For me to react authentically in life, I have to know who I am and what I’m feeling – a feat easier said than done for a codependent adult child of an alcoholic. (How do codependents greet each other? “Hi! How am I?”) Hiking alone is, for me, one of the most powerful ways to arrive at this knowledge – especially longer thru-hikes that entail a week or so on the trail. In 2012 I did the Wonderland Trail, about 100 miles and 22K’ of climbing/descending, and in 2013, still recovering from radiation treatment, I did a section of the Pacific Crest Trail (PCT) covering 75 miles and 16K’ of climbing/descending. Hiking alone, the only interactions are between you and “nature,” people who’ve made or walked the trail before you, and the present-day hikers you meet. Many, many hours are spent in your own company. Incredible beauties are witnessed. Countless decisions are made. And each day brings a few hazards that call for courage.
The first days, in my case, are about purging. On Rainier, I found myself crying for two days. This was my first major hike after breaking up with my boyfriend, who had taught me nearly every trail skill I knew. But beyond that, I was coming to terms with the passing of youthful illusions that life stretches on and on. How did I, Louisa, get to be 52? Who was this lined, graying woman I’d become? On the PCT, I expected tears again, but instead met with fear. I’d begun by traversing Stevens Pass ski resort, and when the trail dropped from there into woods and rounded a hillside to a wholly new vista of indifferent, towering mountains through which I would pass, I got scared. “What the fuck am I doing?!” I thought. “What if a bear comes? Mountain lion? Rapist? What if I fall and no one even knows?” It took me a day or two to realize my deepest fears centered around cancer. It had struck me, it seemed, out of nowhere, threatening everything I love, forcing me through a prolonged nightmare of treatment from which there was no escape.
In both cases, I had nowhere to run from these feelings. I had to walk in their company, trudge in their muck until I truly got to know them. In both cases, I came out on the other side to delight in a freedom so airy and light, I can’t possibly describe it. The grief for all I’d lost turned to gratitude for the immense wealth I still had – these stunningly gorgeous surroundings plus the strength and know-how to travel though them. The fear of cancer and all other scariness turned into a reconciliation with god. Cancer happens, but I could choose to love all the cells on my team striving to protect me from it, and the many generations of medical experts all working to cure people. I would choose to put my trust in goodness.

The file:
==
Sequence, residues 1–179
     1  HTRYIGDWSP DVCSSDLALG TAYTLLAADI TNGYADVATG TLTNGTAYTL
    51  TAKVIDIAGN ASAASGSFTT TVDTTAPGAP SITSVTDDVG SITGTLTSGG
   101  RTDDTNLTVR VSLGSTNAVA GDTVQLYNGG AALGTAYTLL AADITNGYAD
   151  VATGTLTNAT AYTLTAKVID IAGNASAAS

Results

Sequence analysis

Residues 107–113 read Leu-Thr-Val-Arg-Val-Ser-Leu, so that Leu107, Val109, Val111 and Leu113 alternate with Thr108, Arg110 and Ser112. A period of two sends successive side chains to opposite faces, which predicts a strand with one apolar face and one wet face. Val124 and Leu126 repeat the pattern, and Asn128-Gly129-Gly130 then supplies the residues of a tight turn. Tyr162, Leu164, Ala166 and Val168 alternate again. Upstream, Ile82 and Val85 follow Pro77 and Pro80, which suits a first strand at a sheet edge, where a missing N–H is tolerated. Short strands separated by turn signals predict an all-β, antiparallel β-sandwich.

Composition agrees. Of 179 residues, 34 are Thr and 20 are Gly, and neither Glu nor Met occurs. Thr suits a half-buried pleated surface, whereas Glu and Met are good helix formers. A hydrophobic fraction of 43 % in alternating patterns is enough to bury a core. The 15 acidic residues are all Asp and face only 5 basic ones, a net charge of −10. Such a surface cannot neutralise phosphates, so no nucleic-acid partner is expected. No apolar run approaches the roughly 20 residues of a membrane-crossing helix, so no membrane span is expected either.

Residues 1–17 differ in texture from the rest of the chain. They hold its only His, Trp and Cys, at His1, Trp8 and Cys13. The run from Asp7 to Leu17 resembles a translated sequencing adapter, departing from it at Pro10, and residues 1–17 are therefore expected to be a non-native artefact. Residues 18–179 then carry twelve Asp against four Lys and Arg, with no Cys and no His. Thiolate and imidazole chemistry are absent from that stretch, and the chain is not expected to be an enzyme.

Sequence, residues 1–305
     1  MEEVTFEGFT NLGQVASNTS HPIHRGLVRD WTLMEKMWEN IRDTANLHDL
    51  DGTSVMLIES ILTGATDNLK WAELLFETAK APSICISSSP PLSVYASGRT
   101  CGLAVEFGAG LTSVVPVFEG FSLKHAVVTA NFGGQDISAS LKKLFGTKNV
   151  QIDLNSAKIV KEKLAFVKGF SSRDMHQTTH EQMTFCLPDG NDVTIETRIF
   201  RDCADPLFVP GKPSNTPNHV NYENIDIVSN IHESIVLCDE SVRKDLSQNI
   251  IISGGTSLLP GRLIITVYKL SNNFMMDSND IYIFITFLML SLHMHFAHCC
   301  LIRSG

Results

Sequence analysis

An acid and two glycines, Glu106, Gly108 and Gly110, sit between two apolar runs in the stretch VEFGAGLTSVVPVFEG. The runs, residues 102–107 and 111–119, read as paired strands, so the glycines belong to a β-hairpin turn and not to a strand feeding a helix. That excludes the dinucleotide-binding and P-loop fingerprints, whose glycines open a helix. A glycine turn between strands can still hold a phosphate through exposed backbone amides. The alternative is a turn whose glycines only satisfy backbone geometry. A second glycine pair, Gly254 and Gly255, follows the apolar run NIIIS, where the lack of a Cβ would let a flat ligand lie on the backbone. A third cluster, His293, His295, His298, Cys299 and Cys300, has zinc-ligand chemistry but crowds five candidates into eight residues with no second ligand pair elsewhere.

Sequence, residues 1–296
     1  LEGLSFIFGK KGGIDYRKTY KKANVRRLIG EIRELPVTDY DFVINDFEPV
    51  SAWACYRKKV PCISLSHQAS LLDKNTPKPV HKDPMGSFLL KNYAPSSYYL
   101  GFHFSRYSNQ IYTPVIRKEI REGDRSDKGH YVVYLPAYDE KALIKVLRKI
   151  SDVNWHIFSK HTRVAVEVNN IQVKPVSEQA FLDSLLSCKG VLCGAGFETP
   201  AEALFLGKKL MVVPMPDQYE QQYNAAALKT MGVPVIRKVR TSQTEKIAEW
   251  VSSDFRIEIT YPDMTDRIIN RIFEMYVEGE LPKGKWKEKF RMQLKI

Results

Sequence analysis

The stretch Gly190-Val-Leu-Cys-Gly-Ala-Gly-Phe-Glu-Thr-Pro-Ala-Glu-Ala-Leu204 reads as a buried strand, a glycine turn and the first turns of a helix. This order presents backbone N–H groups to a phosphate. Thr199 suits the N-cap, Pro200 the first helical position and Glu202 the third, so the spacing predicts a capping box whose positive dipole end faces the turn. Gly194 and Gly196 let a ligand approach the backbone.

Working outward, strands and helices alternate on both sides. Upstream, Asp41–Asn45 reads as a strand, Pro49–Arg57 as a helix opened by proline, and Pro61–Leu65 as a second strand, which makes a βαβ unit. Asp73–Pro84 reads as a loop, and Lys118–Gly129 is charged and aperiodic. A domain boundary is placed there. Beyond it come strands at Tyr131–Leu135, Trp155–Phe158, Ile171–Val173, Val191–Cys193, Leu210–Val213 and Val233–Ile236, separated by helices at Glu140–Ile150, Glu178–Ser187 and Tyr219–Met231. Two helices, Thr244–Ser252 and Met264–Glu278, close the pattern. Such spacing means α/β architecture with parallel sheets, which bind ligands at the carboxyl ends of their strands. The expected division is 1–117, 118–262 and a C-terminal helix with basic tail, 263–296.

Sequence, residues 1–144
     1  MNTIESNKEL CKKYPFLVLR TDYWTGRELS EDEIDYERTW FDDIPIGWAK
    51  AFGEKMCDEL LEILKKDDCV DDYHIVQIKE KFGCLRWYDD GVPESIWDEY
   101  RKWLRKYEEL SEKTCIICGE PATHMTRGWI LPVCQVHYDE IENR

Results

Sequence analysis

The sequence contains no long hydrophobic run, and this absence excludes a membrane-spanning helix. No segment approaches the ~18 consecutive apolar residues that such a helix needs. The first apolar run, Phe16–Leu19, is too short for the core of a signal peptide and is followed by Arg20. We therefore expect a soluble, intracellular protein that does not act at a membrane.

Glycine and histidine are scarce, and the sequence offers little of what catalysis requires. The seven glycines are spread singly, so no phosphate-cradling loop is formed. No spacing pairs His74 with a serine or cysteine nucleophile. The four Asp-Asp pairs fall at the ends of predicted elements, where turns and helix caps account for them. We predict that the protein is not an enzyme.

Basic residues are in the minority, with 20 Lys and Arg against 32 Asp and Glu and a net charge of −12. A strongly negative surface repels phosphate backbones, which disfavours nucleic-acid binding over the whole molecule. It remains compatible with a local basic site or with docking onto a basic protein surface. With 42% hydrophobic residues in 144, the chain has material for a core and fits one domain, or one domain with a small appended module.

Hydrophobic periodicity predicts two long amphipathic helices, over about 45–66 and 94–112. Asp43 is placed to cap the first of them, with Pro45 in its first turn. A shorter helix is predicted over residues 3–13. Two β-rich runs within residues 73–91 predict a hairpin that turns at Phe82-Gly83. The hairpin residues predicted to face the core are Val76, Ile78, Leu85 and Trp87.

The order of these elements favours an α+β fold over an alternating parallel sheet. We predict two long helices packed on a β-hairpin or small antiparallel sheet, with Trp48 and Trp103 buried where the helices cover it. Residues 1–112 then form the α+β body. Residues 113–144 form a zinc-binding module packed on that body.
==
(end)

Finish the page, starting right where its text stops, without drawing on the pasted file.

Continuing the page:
There’s nothing cozier than your own little camp, bedding down in your own tidy one-bitch tent, when you know what you’re doing. You look at the map and see what’s coming up tomorrow. Few moments are more empowering than, after passing warning signs of a high creek or a trail damaged by landslide, you gather your gumption and do what you need to. Amid the roar of rushing water you choose your stepping rocks with care, plant your trekking pole and orient your balance to push off toward the next stance until, somehow, you’re across. Or refusing to look down on the now tiny creek that wends far below, you focus on the narrow strip of trail that remains and keep moving. Once you’ve passed these obstacles, they’re behind you. Damn right, they are! You don’t look back and analyze; your attention, buoyed by accomplishment, is all for what’s to come.
Finally, on both trips, I acquired an unexpected companion – both young men who loved the wilderness and had cobbled together from REI displays an idea of what they needed to get through it. How could my pack be that small? Why was I not wearing boots? Why no Mountain House food pouches? They asked to hike with me a few days and bombarded me with questions. In each case, I developed love for a total stranger – one a butler to the most glamorous movie star couple alive, the other a Taiwanese Christian Electrical Engineer – sharing a grubby, spontaneous sincerity unimaginable in normal life.
The moral is that if I can practice all these skills on a daily basis – know what’s really going on with me, take each challenge as it comes, and love others by sharing whatever I have to offer – I am in tune with life. And for as long as that is true, I will not develop an “edge” I need to “take off” by self-medicating. There are ways to be free within the confines of our own skin.
Emerald Ridge, Wonderland Trail 2012